American Society of Naturalists

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“Temperature-dependent species interactions shape priority effects and the persistence of unequal competitors”

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Tess Nahanni Grainger, Adam Ivan Rego, and Benjamin Gilbert (Feb 2018)

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Temperature-dependent trophic interactions strengthen priority effects and shift competitive outcomes

Warming strengthens trophic interactions and priority effects

Oleander aphid (<i>Aphis nerii</i>) feeding on common milkweed (<i>Asclepias syriaca</i>). <br />(Credit: Adam Rego)
Oleander aphid (Aphis nerii) feeding on common milkweed (Asclepias syriaca).
(Credit: Adam Rego)

‘Priority effects’ occur when an early arriving species alters the long-term make-up of an ecological community. Although common in nature, scientists are only beginning to understand the conditions under which priority effects arise. Tess Grainger and colleagues at the University of Toronto hypothesized that priority effects should be stronger at high temperatures, as warming speeds up growth rates and feeding, allowing early arrivers to more rapidly impact a shared environment. They tackled this prediction using an experiment with two competing aphid species and a shared milkweed host, and demonstrated that warming strengthens priority effects by simultaneously causing a more rapid induction of milkweed defenses and a faster depletion of the plant resource. These changes were matched with a shift in dispersal rates at higher temperature that are likely to influence the timing of species’ arrival at a local plant. This experiment tests emerging theory on the temperature-dependence of trophic interactions, and presents and tests new hypotheses that link temperature, priority effects and dispersal across spatial and temporal scales.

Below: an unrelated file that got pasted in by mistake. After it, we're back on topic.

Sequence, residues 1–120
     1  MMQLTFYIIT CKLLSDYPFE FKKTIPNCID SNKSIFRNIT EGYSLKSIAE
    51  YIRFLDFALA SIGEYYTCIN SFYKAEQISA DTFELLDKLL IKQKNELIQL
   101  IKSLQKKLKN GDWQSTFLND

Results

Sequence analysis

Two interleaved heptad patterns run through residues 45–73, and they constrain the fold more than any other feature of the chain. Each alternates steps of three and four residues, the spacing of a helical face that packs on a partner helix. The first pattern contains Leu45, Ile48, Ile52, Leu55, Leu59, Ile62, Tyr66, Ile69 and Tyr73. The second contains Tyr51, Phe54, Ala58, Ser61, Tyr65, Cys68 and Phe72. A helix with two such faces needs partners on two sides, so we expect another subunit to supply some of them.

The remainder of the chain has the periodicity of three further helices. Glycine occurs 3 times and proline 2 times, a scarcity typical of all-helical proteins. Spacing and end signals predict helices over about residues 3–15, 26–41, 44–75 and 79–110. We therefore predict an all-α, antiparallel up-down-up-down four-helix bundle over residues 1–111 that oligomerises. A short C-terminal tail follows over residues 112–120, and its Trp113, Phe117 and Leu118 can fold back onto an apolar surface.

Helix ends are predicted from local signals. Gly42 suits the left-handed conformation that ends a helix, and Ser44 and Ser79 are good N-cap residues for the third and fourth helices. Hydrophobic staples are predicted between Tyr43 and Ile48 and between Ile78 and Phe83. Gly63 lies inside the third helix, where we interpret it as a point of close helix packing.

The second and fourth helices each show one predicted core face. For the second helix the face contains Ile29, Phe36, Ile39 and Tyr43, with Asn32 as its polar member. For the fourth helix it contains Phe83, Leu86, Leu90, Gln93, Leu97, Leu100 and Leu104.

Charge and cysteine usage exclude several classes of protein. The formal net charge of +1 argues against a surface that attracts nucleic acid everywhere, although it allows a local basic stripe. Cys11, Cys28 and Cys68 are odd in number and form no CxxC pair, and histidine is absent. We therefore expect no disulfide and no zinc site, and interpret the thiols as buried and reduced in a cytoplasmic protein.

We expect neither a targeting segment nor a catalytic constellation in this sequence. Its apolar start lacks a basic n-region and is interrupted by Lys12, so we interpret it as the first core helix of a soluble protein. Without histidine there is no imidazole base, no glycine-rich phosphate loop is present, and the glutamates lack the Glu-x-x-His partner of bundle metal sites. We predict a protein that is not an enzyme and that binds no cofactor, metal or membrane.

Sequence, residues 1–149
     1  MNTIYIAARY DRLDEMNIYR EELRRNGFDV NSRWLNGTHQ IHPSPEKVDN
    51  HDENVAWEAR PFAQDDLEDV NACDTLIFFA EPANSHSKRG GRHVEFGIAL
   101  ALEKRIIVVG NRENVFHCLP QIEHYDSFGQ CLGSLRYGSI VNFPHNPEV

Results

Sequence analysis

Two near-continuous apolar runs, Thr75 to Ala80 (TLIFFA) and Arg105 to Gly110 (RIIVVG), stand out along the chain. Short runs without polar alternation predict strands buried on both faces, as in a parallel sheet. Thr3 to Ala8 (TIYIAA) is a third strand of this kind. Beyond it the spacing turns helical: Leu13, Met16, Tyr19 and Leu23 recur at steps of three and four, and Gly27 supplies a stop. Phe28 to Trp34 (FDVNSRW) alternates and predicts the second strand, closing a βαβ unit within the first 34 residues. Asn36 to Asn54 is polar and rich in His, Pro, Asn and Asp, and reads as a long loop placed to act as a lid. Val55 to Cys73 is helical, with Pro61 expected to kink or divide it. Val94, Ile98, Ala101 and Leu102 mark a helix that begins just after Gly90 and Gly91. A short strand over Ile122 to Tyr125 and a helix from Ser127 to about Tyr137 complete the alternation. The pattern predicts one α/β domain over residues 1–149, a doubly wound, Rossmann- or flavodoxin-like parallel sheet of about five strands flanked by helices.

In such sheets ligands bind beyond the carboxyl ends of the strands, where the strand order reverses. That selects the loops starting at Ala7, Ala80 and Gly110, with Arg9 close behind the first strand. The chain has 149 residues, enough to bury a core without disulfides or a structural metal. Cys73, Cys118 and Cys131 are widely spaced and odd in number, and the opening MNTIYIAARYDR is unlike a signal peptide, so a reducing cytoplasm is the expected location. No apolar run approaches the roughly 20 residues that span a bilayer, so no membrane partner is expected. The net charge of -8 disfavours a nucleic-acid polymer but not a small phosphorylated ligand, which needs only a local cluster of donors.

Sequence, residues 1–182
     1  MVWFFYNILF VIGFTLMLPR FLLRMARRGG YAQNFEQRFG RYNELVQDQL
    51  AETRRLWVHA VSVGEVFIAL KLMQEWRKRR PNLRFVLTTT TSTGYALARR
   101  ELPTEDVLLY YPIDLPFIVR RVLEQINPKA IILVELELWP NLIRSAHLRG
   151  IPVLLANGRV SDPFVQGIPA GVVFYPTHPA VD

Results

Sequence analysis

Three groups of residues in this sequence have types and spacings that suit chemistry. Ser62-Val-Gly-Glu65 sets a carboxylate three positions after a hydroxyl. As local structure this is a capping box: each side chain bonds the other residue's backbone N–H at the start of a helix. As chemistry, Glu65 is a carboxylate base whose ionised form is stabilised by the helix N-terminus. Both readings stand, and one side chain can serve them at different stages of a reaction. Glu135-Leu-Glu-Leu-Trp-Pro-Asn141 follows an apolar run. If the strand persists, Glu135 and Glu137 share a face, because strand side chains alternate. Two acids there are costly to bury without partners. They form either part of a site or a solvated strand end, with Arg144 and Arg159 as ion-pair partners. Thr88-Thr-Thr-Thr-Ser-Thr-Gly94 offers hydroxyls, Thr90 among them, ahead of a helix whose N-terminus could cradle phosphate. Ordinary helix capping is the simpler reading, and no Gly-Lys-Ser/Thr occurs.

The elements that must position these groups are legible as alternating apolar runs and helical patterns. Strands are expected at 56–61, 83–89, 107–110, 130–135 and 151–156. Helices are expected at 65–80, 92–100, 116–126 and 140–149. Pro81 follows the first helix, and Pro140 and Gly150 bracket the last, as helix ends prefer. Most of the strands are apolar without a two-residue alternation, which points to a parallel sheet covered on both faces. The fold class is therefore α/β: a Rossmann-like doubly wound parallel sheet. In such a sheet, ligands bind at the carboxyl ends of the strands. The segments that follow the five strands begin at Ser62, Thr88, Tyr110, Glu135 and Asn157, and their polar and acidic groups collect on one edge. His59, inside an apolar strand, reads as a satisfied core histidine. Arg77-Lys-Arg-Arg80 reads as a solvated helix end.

The order of species arrival at a site can determine the outcome of competitive interactions when early arrivers alter the environment or deplete shared resources. These priority effects are predicted to be stronger at high temperatures, as higher vital rates caused by warming allows early arrivers to more rapidly impact a shared environment. We tested this prediction using a pair of congeneric aphid species that specialize on milkweed plants. We manipulated temperature and arrival order of the two aphid species, and measured aphid population dynamics and milkweed survival and defensive traits. We found that warming increased the impact of aphids on the quantity and quality of milkweed, which amplified the importance of priority effects by increasing the competitive exclusion of the inferior competitor when it arrived late. Warming also enhanced interspecific differences in dispersal, which could alter relative arrival times at a regional scale. Our experiment provides a first link between temperature-dependent trophic interactions, priority effects and dispersal. This study suggests that the indirect and cascading effects of temperature observed here may be important determinants of diversity in the temporally and spatially complex landscapes that characterize ecological communities.